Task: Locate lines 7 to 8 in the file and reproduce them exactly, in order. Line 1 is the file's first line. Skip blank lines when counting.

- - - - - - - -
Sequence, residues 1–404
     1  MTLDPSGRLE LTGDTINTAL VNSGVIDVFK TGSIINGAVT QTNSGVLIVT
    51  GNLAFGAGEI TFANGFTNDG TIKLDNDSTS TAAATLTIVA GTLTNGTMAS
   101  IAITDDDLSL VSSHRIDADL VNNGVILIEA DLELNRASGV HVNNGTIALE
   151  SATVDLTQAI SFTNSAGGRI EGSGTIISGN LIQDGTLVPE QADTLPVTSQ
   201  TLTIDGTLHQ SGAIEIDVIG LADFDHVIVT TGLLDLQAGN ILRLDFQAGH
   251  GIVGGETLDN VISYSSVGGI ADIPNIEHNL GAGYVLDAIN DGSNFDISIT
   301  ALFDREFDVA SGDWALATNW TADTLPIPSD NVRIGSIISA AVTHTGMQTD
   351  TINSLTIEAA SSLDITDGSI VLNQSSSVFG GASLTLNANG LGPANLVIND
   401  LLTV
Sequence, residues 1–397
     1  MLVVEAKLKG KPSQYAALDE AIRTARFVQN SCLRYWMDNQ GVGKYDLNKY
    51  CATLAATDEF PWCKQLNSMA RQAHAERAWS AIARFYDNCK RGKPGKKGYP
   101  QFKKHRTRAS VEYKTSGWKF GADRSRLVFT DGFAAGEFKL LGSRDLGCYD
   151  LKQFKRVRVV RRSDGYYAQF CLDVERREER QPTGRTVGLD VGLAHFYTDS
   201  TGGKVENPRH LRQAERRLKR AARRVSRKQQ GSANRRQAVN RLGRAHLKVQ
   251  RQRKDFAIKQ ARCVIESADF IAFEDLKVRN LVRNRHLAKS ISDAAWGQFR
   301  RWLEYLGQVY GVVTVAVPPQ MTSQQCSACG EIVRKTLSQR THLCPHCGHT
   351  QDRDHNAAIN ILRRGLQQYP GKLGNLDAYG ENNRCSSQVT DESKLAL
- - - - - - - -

   251  GIVGGETLDN VISYSSVGGI ADIPNIEHNL GAGYVLDAIN DGSNFDISIT
   301  ALFDREFDVA SGDWALATNW TADTLPIPSD NVRIGSIISA AVTHTGMQTD